'There’s a bit of me in all the characters,' says Cannes winner Payal Kapadia

After All We Imagine As Light wins the coveted Grand Prix at the Cannes Film Festival, director Payal Kapadia talks about the ideas behind the film, and how she managed to get funding for her independent film.
Team 'All We Imagine As Light' at the Cannes Film Festival
Team 'All We Imagine As Light' at the Cannes Film FestivalAP photo

It was love at first sight in Cannes for Payal Kapadia’s debut feature film, All We Imagine As Light. The first Indian film after 30 years of Shaji N Karun’s Swaham (1994) and the first ever by an Indian woman filmmaker to find a spot in the official competition section of Cannes Film Festival, it has now posted yet another milestone, bagging the coveted Grand Prix, the second highest award after the Palme d’Or.

A sublime, luminous rumination on the lives of three ordinary women—Prabha, Anu and Parvati in Mumbai. The film struck a universal emotional chord with its mix of melancholy and optimism.

The Malayalam-Marathi-Hindi language film is an India-France-Netherlands-Luxembourg co-production, and its win is expected to profoundly impact the course ahead for Indian independent cinema.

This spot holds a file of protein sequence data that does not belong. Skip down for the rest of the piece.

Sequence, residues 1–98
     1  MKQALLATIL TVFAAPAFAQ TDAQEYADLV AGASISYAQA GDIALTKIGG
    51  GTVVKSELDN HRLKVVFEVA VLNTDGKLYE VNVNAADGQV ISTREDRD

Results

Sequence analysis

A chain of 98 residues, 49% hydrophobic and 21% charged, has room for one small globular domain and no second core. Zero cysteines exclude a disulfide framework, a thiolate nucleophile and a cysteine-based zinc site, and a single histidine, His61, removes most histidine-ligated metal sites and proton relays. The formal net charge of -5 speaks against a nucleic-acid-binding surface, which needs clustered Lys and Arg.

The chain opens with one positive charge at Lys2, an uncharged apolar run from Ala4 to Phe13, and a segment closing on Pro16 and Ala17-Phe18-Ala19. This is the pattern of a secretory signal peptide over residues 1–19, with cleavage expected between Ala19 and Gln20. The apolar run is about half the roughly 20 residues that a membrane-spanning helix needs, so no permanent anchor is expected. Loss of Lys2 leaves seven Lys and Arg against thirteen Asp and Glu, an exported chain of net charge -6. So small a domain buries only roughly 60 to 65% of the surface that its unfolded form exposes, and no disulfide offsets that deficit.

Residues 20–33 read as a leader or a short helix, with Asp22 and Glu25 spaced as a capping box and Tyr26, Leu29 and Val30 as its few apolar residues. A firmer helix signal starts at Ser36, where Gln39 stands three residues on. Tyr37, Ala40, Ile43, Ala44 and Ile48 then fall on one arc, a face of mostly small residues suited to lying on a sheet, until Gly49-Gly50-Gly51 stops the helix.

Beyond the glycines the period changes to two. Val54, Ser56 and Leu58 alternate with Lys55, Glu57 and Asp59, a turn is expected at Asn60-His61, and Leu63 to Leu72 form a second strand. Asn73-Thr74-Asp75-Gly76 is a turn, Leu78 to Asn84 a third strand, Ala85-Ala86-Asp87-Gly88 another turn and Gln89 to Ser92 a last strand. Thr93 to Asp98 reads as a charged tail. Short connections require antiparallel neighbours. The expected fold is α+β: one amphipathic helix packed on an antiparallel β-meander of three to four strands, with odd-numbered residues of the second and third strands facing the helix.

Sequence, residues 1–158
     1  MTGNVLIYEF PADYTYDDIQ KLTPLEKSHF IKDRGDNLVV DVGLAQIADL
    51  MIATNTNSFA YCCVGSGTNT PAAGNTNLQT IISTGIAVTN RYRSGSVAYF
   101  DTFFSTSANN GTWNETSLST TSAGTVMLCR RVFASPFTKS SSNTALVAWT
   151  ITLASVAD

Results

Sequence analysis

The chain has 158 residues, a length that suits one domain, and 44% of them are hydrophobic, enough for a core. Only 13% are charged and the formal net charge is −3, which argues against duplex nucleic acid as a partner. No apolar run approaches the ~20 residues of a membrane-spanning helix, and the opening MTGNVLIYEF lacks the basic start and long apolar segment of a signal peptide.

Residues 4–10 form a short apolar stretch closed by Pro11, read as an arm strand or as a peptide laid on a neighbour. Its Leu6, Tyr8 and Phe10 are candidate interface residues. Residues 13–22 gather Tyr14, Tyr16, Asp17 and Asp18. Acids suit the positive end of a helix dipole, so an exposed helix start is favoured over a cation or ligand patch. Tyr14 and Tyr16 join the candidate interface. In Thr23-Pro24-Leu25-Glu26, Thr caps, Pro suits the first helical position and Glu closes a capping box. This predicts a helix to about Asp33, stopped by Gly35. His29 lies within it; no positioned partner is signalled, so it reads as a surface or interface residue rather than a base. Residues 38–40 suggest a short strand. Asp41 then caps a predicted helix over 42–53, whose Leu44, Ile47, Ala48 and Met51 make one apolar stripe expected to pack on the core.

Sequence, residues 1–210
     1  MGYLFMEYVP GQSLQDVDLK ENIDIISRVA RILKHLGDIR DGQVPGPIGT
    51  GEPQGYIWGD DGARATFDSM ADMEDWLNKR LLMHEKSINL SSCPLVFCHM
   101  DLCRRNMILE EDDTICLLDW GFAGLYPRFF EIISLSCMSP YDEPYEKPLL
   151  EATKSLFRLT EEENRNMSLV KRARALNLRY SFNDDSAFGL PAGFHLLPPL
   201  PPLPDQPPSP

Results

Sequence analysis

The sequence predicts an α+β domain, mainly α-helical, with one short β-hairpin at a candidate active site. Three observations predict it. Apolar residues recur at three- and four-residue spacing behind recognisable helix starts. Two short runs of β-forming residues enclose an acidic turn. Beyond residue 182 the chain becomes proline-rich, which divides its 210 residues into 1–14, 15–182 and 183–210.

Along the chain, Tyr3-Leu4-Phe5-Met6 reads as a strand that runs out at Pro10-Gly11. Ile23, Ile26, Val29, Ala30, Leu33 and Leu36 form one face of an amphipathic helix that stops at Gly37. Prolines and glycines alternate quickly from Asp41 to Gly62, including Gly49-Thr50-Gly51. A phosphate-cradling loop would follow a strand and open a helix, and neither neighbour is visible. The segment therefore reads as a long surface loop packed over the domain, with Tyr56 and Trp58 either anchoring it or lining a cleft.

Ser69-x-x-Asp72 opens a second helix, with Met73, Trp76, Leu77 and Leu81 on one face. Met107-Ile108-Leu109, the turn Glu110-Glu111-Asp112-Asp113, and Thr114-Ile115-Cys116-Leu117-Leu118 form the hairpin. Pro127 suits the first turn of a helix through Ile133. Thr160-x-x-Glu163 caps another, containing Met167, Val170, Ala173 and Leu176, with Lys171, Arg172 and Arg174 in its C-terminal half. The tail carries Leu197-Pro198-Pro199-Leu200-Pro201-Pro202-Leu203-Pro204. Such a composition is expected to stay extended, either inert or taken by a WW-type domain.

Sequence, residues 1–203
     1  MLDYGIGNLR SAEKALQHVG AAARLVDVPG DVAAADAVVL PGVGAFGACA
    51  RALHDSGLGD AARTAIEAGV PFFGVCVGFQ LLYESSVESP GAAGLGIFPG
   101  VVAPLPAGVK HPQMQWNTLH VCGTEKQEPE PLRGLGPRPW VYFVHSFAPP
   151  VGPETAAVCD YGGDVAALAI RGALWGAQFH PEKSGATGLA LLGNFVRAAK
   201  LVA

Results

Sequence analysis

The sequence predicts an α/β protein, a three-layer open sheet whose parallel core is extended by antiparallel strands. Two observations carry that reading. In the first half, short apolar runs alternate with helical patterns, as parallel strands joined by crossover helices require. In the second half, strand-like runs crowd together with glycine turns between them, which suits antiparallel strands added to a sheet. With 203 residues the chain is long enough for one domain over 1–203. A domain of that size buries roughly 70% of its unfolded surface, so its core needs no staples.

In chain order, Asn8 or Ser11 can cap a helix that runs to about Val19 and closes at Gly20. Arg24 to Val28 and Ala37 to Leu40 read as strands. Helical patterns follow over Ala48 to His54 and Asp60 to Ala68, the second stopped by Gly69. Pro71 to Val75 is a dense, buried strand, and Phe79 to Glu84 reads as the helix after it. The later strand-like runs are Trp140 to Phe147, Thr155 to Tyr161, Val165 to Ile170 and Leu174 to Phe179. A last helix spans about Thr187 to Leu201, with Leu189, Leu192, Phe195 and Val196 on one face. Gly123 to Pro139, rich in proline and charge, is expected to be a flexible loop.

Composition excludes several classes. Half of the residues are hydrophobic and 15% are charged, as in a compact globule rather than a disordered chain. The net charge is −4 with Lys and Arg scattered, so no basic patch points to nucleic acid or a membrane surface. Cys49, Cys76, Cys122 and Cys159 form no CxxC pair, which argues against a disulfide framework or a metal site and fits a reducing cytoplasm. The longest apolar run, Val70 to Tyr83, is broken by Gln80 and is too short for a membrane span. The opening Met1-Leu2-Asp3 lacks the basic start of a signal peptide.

CE caught up with Payal at Palais des Festivals’ Audio-Visual Terrace.

It was the day after the film’s world premiere and a day before the formal closing ceremony, with Payal being nonchalant about the awards. Getting selected for the competition was a victory itself, she told us. However, Cannes had a bigger gift in store for her.


Tell us the origin story of All We Imagine As Light—the characters came to you first or did the many themes of the film come first?

I think it was all together. I had a few scenes in my mind that I was keen on. Like the hallucinating old lady in the hospital and ending with the fable. These were the pieces that I had in mind, but also the characters of two very different women, who have come to Mumbai, away from their families. What we learn from Western feminism is that you can earn money and become independent because you’re financially liberated. But in India, and in all of Asia, that’s not the case. There are a lot of other complexities to it. These were the ideas in my mind. And I was also interested in two different women, almost different generations, living together, and what that brings to the story.